In the wake of GQ’s profile of Kentucky Republican Senate candidate Rand Paul as a bong-loving, “Aqua Buddha”-worshiping, secret society frat boy during his undergrad years, Rand Paul’s column in USA Today likely won’t draw much attention, which is a shame.
In his column yesterday, Rand Paul set out to distance himself from the Libertarian label. Ironically, though, he winds up spending the majority of his time explaining and defending the libertarian philosophy rather than making a case for his philosophical alternative.
The “libertarian” label has fallen out of Paul’s favor because, as he explains it, the word has become an “emotionally charged, and often misunderstood, word in our current political climate.” Instead, he prefers the term “constitutional conservative.”
I choose to use a different phrase to describe my beliefs — I consider myself a constitutional conservative, which I take to mean a conservative who actually believes in smaller government and more individual freedom.
This isn’t the first time Paul has pushed the patriotic-sounding alternative label. Yet the distinction between libertarianism and constitutional conservatism remains murky, and Paul’s column does little to clear the waters. He harkens back to the Founding Fathers and incorporates a heavy dose of “Tentherism” in a anti-big government spiel that sounds distinctly libertarian. And, of course, no column from the right side of the political spectrum is complete without a Ronald Reagan quote:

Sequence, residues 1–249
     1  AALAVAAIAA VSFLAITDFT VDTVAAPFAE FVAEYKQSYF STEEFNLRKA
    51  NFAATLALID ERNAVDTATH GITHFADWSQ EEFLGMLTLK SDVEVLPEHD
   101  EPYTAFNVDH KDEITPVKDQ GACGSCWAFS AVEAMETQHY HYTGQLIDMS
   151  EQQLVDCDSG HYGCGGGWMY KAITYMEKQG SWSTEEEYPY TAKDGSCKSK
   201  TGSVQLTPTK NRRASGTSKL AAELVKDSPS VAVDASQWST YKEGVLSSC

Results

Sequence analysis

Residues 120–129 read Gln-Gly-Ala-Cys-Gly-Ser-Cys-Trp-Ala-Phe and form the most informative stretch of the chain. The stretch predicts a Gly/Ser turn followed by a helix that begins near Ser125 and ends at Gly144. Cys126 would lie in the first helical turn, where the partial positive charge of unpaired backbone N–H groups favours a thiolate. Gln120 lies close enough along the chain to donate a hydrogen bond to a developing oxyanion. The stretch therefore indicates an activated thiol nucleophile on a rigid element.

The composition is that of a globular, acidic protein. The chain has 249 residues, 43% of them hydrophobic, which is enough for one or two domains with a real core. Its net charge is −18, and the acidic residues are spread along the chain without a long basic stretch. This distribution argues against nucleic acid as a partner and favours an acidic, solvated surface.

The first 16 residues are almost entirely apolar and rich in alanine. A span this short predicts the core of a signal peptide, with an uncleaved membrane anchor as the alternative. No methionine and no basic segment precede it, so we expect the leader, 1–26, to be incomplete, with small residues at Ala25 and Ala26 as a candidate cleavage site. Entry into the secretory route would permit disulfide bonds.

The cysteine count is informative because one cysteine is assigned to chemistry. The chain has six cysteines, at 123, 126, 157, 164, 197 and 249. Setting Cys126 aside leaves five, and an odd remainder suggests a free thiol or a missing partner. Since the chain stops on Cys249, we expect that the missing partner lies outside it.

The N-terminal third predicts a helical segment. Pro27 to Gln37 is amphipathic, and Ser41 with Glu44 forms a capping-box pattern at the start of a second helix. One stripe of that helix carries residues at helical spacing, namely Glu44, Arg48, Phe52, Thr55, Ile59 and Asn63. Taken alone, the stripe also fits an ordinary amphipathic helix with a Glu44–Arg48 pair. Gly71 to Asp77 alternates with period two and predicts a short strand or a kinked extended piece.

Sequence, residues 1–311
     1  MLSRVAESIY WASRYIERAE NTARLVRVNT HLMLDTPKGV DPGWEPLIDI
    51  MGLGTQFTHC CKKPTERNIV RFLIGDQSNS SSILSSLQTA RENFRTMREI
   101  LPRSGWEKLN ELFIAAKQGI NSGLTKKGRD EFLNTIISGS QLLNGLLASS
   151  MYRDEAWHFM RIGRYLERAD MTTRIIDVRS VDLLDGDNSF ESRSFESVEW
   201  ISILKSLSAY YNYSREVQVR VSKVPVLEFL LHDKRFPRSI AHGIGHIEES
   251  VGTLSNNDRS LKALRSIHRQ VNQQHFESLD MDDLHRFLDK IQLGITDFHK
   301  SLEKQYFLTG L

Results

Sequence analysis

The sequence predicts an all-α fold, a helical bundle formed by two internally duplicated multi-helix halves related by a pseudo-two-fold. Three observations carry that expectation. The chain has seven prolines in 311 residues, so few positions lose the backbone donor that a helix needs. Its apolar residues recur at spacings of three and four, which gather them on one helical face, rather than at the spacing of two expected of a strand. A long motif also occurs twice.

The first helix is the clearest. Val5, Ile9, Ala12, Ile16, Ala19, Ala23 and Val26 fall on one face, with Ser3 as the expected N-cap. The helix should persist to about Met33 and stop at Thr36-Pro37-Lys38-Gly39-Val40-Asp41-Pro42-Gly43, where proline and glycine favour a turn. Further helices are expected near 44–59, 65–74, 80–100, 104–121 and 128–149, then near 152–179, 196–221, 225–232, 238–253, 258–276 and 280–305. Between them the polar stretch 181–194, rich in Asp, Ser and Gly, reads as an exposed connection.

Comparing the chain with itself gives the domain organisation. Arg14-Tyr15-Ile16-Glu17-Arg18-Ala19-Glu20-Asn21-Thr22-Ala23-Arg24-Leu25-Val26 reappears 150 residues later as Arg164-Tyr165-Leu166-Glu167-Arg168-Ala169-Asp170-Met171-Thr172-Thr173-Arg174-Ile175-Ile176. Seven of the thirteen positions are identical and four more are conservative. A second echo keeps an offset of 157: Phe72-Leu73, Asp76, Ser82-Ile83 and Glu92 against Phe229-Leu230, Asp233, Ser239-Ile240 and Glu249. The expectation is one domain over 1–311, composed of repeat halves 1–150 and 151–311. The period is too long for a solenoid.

Liberty is our heritage; it’s the thing constitutional conservatives like myself wish to preserve, which is why Ronald Reagan declared in 1975, “I believe the very heart and soul of conservatism is libertarianism.
So he’s not a libertarian but libertarianism is at the heart of his political philosophy? Actually, given that mind bender, it’s perhaps not hard to see why Paul’s quasi-refutation of the libertarian label doesn’t hold a torch to his college escapades.
Have a tip we should know? [email protected]